Deeper inside the tree, a wine-dark sea of grain fading to a gentle indigo, lavender, and deep green make up the heartwood. The wide range of color in melted ash surfaces that can be seen at the unloading of a wood kiln are continually surprising. I’ve found myself thinking, “How can such color come from simple wood ash?” Well, it seems it had been in there all along.
Rather than lean in to an oppositional response, the administrators who chose to be interviewed by Studio Potter here, have allowed themselves to be vulnerable by sharing their honest struggles as they grapple with systemic racism.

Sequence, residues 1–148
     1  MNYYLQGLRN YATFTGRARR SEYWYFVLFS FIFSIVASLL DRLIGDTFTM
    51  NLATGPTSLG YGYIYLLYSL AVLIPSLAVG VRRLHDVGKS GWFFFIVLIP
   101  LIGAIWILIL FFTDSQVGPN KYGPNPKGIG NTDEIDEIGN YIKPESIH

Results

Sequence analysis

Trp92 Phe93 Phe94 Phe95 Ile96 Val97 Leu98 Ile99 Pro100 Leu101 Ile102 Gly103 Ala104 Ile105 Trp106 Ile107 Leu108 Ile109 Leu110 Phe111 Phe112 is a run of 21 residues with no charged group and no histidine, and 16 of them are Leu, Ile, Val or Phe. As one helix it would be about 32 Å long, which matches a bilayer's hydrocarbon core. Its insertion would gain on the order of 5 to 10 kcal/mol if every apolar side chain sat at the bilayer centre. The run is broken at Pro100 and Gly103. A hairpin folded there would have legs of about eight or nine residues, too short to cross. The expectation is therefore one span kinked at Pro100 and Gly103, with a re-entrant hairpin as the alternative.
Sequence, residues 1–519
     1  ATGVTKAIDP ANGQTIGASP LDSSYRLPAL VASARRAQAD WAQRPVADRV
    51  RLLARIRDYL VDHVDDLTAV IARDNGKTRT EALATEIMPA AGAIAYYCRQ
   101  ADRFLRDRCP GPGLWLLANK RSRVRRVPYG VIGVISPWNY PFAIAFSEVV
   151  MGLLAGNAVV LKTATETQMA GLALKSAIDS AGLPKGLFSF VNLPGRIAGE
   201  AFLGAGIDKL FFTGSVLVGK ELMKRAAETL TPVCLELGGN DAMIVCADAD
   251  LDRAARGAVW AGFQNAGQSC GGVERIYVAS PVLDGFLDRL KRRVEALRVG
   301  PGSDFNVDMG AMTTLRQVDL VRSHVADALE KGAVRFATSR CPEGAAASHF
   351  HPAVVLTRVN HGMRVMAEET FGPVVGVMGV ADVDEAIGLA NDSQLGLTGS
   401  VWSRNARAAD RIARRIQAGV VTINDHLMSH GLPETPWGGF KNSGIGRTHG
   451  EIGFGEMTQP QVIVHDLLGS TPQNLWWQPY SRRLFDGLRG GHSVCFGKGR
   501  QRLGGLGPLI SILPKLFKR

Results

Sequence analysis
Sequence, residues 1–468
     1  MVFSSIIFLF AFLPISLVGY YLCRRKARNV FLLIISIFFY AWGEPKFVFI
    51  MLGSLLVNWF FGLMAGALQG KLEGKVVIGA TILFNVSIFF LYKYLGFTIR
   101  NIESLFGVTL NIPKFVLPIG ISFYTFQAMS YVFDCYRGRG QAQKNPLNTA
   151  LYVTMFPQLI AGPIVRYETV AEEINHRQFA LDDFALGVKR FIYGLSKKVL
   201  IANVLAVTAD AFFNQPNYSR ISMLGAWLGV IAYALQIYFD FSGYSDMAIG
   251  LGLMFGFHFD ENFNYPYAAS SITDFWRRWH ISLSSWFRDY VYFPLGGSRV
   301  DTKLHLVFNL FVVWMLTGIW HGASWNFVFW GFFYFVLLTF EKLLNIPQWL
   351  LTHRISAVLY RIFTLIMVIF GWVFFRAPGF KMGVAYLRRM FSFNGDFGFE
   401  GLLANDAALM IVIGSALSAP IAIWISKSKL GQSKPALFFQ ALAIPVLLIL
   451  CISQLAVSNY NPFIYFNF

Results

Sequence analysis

It all has to do with who the person is. It’s about you. It doesn't deal with the school. It doesn’t matter if it’s the pedigree or the bucket. If you don’t know why you’re there... there ain’t nothing I can say.
An excerpt from a collaborative letter, "I refuse to sign any contracts to teach from this day forward without holding the institutions accountable for how they are actively pursuing/enacting an antiracist agenda."
The Im-ple-ment Archive is simultaneously a collection of objects to be used, a collaborative method of making, an interrogation of craft practices and intersections, and an ongoing contemporary artwork.
"Just when it seems the incline and hairpin turns won’t end, deep forest opens up to a passenger-side view of Horner Hall, the recently renovated home to the Penland gallery and visitors center." Join Sarah Kelly in conversation with Penland Resident Jason Hartsoe; captured last fall. A grateful recollection of deliberate advancement toward a goal.